make it a plain attribute.

    But while it's quite clear that in this example use case it would be
    better to have only one property (weither square or value, depending on
    which is the most often use), things are not always that simple in real
    world code, and - as you mentionned - there may be times where you have
    interdependant properties and really want to avoid recomputing the same
    thing over and over. Now there's no one size fits all solution here -
    it's an optimization problem, and as such depends on real use cases.
  • Maric Michaud at Sep 3, 2008 at 11:20 pm

    Le Wednesday 03 September 2008 19:38:13 Bruno Desthuilliers, vous avez ?crit?:
    FWIW, if there's no computation on getting or setting value, you can
    make it a plain attribute.
    Yes, this is the problem with these tiny examples, we don't know at which
    point we must simplify them...
    But while it's quite clear that in this example use case it would be
    better ?to have only one property (weither square or value, depending on
    which is the most often use), things are not always that simple in real
    world code, and - as you mentionned - there may be times where you have
    interdependant properties and really want to avoid recomputing the same
    thing over and over. Now there's no one size fits all solution here -
    it's an optimization problem, and as such depends on real use cases.
    Yes, my advice was exactly in that sense, it's an optimization problem,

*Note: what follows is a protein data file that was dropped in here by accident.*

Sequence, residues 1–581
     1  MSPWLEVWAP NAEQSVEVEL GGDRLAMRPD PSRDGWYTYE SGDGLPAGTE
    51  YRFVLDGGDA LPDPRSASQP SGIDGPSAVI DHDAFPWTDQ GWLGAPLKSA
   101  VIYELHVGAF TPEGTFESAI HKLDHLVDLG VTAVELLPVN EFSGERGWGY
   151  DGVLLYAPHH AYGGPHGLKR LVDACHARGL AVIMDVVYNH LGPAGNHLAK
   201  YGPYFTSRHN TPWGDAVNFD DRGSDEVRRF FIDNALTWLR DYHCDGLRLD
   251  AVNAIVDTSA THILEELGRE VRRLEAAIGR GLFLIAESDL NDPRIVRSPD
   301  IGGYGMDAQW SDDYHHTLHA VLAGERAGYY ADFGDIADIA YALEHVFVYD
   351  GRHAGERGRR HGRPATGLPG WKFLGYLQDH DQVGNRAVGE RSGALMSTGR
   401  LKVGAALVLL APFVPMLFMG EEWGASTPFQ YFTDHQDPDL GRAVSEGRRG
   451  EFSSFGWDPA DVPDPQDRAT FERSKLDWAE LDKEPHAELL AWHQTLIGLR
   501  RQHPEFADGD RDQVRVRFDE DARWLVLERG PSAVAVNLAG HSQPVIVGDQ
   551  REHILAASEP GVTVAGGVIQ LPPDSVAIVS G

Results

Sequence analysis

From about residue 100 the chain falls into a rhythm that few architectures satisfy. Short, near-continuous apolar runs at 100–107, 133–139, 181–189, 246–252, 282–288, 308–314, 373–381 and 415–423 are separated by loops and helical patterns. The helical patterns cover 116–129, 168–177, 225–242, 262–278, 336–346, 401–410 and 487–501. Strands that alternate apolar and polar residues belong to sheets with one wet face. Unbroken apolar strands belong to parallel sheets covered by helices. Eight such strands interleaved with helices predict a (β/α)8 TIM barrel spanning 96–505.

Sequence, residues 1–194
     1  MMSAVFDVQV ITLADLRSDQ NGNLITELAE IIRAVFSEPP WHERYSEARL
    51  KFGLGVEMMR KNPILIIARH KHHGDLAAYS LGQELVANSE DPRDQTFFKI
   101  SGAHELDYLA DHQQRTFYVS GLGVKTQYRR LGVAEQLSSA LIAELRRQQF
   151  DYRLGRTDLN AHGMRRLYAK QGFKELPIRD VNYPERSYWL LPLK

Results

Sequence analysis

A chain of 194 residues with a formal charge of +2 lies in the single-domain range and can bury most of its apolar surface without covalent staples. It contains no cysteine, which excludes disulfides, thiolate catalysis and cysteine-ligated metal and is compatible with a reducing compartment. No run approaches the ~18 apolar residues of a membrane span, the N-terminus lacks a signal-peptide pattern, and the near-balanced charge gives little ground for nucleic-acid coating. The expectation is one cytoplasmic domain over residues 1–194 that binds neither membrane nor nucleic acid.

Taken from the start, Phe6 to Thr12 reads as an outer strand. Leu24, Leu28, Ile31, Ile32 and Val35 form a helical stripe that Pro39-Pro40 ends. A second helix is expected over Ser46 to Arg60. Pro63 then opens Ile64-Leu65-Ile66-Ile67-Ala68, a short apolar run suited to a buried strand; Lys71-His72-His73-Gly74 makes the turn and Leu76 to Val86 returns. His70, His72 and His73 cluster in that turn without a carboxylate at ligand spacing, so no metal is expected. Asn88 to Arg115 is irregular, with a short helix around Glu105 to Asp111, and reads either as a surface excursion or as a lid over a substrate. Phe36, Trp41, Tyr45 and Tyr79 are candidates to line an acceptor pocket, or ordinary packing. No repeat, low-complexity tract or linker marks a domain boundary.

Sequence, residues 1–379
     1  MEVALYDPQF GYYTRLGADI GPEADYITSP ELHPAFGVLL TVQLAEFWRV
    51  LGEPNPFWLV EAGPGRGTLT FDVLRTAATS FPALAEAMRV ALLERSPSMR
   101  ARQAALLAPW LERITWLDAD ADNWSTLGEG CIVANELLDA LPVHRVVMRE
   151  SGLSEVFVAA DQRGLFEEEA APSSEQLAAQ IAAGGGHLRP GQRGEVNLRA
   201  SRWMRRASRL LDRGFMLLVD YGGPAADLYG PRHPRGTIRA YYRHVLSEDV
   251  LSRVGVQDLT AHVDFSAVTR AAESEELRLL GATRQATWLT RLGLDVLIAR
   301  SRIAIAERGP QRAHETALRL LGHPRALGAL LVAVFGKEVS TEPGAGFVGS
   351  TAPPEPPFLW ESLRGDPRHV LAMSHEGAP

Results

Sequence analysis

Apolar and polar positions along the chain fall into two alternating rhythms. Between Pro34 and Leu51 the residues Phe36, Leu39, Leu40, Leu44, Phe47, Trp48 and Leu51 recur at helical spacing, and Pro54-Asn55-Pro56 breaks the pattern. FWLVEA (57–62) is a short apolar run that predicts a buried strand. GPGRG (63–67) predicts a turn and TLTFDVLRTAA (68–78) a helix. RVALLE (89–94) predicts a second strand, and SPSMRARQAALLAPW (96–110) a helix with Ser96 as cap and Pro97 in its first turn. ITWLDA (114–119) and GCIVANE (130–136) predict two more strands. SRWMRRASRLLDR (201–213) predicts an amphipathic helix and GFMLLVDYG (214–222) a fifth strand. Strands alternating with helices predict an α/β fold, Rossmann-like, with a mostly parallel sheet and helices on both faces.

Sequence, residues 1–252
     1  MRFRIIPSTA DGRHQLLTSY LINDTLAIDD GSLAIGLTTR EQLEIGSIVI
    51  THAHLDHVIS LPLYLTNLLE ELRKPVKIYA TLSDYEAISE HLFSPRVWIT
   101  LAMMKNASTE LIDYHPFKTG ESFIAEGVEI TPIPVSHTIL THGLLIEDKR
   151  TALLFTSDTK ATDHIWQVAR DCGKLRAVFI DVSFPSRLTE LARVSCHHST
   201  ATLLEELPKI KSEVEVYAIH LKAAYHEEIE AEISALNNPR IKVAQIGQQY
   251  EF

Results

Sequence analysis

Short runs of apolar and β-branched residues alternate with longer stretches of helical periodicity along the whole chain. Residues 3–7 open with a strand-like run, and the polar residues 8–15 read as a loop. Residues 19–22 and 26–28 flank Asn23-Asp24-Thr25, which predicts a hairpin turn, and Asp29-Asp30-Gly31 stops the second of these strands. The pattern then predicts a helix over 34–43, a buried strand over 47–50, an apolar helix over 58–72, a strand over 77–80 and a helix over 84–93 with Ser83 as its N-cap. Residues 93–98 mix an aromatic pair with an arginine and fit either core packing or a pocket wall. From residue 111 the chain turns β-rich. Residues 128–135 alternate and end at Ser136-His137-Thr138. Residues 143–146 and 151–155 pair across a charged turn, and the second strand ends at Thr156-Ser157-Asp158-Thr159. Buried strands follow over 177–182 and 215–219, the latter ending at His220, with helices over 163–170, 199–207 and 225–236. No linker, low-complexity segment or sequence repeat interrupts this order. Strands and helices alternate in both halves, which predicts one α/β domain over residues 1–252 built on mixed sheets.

duplicating such a data is a caching mechanism, and should be done knowingly,
    in acceptance of all the complication it comes with.


    --
    _____________

    Maric Michaud
  • Bruno Desthuilliers at Sep 3, 2008 at 2:50 pm

    mk a ?crit :
    Hello everyone,

    I try to set two properties, "value" and "square" in the following code,
    and arrange it in such way that setting one property also sets another
    one and vice versa. But the code seems to get Python into infinite loop:
    import math
    class Squared2(object):
    def __init__(self, val):
    self._internalval=val
    self.square=pow(self._internalval,2)
    the 'internal' prefix is already implied by the '_'. And your __init__
    code is a useless duplication of fsetvalue, so just use the property and
    get rid of copy-pasted code.

    def fgetvalue(self):
    return self._internalval
    the '_' prefix already means 'internal'. The convention here would be to
    name the attribute '_value' (to make clear it's the implementation
    support for the 'value' property). Also, your property getter and setter
    should also be marked as implementation using the '_' prefix - they are
    implementation detail, not part of your class API.
    def fsetvalue(self, val):
    self._internalval=val
    self.square=pow(self._internalval,2)

    value = property(fgetvalue, fsetvalue)

    def fgetsquare(self):
    return self.square
    def fsetsquare(self,s):
    self.square = s
    Hem... Notice something here ?
    self.value = math.sqrt(self.square)

    square = property(fgetsquare, fsetsquare)
    Your fsetsquare implementation is broken - it calls itself recursively.
    You have to use different names for the property and the 'implementation
    attribute' for the property. But even if you fix this, you'll have
    another infinite recursion between the two setters.

    The simplest solution : don't call one property from the other, do
    direct attribute access within the setters:

    import math

    class Squared2(object):
    def __init__(self, value):
    self.value=value

    def _fgetvalue(self):
    return self._value
    def _fsetvalue(self, value):
    self._value=value
    self._square=pow(value,2)
    value = property(_fgetvalue, _fsetvalue)

    def _fgetsquare(self):
    return self._square
    def _fsetsquare(self,square):
    self._square = square
    self._value = math.sqrt(square)
    square = property(_fgetsquare, _fsetsquare)